We’re reaching out to some popular creators to get their best tips and tricks for success and better understand the ups and downs of life as a trailblazer on the internet.
From documenting the life and beauty of the Calabar Festival to filming an aerial view of the biggest floating slum in Africa, Fagbemi’s goal is to showcase Africa’s uniquities and to document Nigerian stories. Fagbemi also collaborates with international corporations, such as the United Nations Development Programme (UNDP) and the United Bank of Africa (UBA), to tell meaningful long-form video stories about his home country.
Niyi attributes his career growth to his passion for finding beauty in Nigeria. In an interview with Passionfruit, Fagbemi spoke about his art and described his favorite projects to work on. He also discussed his monetization strategies, favorite filming equipment, his unique challenges as a Nigerian creator, and his advice for other up-and-coming creators.
The following interview is condensed and edited for clarity.
Why did you choose to showcase the niche beauty of Nigeria?
When I was growing up, right I heard a lot of bad things about Nigeria. I mean, presently, I still hear a lot of bad things about Nigeria, even from an international context.
The truth is every single country in the world has its own bad side. Even European countries and the West have a lot of challenges when it comes to some aspects of how they live. But what is publicized is more of the glorified beauty.
However, when it comes to Africa, they choose to tell the not-so-good side of our countries, and I feel that has affected the mindset of Nigerians and Africans as a whole. So, one thing I’m really passionate about is not only putting Africa and Nigeria in a good light but also being able to change the mindsets of people when it comes to how they view Nigeria.
How do you monetize and make a living as a creator?
For the kind of work that I do and for the region that I’m at, what really makes people the most money in terms of what they do is documentaries.
One thing about documentaries is you get to travel and also experience other parts of Nigeria as well. You get to meet you get to meet people. I mean, it’s just a great way to network and also a great way to earn a living.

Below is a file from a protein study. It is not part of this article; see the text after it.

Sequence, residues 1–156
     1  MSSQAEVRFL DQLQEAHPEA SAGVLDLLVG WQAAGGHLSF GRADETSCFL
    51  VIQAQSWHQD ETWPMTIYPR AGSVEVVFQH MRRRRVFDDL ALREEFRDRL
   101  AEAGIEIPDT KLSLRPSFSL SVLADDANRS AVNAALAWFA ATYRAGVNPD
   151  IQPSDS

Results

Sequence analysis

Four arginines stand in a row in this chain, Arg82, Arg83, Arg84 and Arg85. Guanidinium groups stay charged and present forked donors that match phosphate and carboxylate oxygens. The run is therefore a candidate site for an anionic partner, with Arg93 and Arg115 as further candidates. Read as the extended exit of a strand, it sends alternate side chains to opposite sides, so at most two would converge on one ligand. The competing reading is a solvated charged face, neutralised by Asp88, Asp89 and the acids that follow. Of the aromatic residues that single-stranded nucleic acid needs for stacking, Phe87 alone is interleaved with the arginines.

I work for a lot of international agencies and for local agencies as well. I still do short-form content for people, but I think going forward, it’s going to be more long-form content for businesses and organizations, and maybe the short form will be about three times a week.
Do you have any tips or advice around monetization for creators?
Before you even think of monetizing anything, the first thing is to be passionate about something because if you’re not passionate about something, you’re not going to make any money from it. You have to find something to specialize in, a niche that is something that you know you’ll be good at. It’s not something that’ll happen immediately. There’s a little bit of trial and error involved.
So when you have your core area of interest, you’ll have to research the monetization strategies in that field. For example, in videography, there are travel, lifestyle, and third-party organizations one can work for. You have to be creative and collaborate with organizations, so it’ll help expand your reach.
Also, you have to consistently create content in an effort to strive to become better at your craft.
What is your favorite filming equipment for creating content?
Firstly, I understand the kind of shooter I am. I’m not the kind of person that likes excessively big cameras. I love travel-friendly gear. I particularly like mirrorless cameras. My favorite cameras are the Sony FX 3, Sony Alpha 7R IV, and Canon EOS R5. My two best lenses [are] the FE 35mm F1.4 GM and FE 72-200mm F 2.8 GM.
What are the specific challenges you face as a Nigerian creator, and how do you cope with them?
When it comes to traveling to other countries, even in Africa, the Nigerian passport is limited to about 26 countries. There are a lot of limitations when it comes to that. So as an African, I have to apply for visas from other African countries where I want to help tell their stories. Sometimes there are also a lot of challenges in visa acquisition, immigration, and customs situations.
What is your advice for other Nigerian creators?
Your position is a good thing and a tricky thing at the same time. You need to understand that the Nigerian market is very populated. You have to be on top of your A-game. You have to be ready to outwork others. I mean, it’s not a competition—the sky is the limit, and the sky is also big enough for everyone.
But if you want to be one of the top people in your field, you have to put in the utmost effort and consistently work hard. You need to network with other people, understand your craft, and make yourself stand out.
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